All Bull - Chicago Bulls
Kobe Bryant suffered a probable torn Achilles tendon late Friday night at the end of a win against Golden State.
The Lakers are battling Utah for the final playoff spot in the West, but whether they get in or not, Bryant won't be on the floor. He's expected to have an MRI exam Saturday to confirm the initial diagnosis, but already started contemplating retirement on his Facebook page.
Bryant will turn 35 in August and has 1,450 games under his belt, including playoffs, in 17 NBA seasons. This will be a tough injury to come back from. Isiah Thomas' playing career ended with a torn Achilles.
Thursday’s Bulls-Knicks game featured a pretty good chess match between coaches Tom Thibodeau and Mike Woodson.
For starters, New York left all of its big men at home and used a lineup of Carmelo Anthony, Chris Copeland, Iman Shumpert, Raymond Felton and Pablo Prigioni. The opening tip featured the 6-8 Copeland against 6-7 Jimmy Butler.
It gave me flashbacks of the one-time-only, 2002-ish Jalen Rose Charity Game at the UC when the guys made Jamal Crawford jump center against Jay Williams. Crawford, apparently paralyzed by a fear of losing while trying, didn’t jump.
One sidebar to tonight’s Bulls-Knicks clash at the United Center is the April 28 connection.
On that date last year, both Derrick Rose and New York’s Iman Shumpert suffered ACL tears in their left knee as well as damage to the meniscus cartilage.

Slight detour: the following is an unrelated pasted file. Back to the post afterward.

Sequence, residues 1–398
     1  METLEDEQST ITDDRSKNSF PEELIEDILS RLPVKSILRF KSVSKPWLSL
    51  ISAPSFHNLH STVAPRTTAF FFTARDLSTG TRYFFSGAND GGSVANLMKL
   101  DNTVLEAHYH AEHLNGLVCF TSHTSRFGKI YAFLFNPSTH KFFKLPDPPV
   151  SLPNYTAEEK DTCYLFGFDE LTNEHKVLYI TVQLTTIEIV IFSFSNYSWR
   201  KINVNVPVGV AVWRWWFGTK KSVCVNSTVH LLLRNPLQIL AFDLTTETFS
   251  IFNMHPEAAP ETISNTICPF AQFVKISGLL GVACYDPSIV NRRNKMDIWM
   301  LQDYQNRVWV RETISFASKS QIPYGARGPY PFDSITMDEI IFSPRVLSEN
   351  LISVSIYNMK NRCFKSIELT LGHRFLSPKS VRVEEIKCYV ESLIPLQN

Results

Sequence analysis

Shumpert, an Oak Park native, returned to game action on Jan. 17 and has now played in 40 games this season. Bulls fans don’t need a reminder that Rose’s return is still pending.
It’s an odd parallel, but there is a clear difference between the two players. Shumpert is a 20-minute a game defensive-minded role player, while Rose might put more stress on his body than any NBA player.
Bulls coach Tom Thibodeau had a surprise injury update before Tuesday's game against Toronto -- Richard Hamilton is expected to see his first action since Feb. 26.
Hamilton has been out with a sore back and seemed to completely disappear from view for a while. But he was visible again at practice in recent days and looked relatively healthy shooting around at the Berto Center on Monday.
As recently as last week, Thibodeau said Hamilton wasn't all that close to returning.
"Now he’s been running for a while, he’s been shooting for a while and now, he’s been doing everything in practice, so the next step is to play," Thibodeau said. "We’ll see where he is."
One way to forecast Monday’s NCAA title game is to run it through the “NBA Test.”
This is an ongoing personal observation. Starting in the late 1990s, when every decent college player started turning pro early, the tournament champ more often than not has an edge in future NBA talent.
Sometimes, that means having one dominant player (Syracuse 2003: Carmelo Anthony). More often it’s having the better collection of futures pros (North Carolina 2009: Ty Lawson, Tyler Hansbrough, Ed Davis, Danny Green, Wayne Ellington).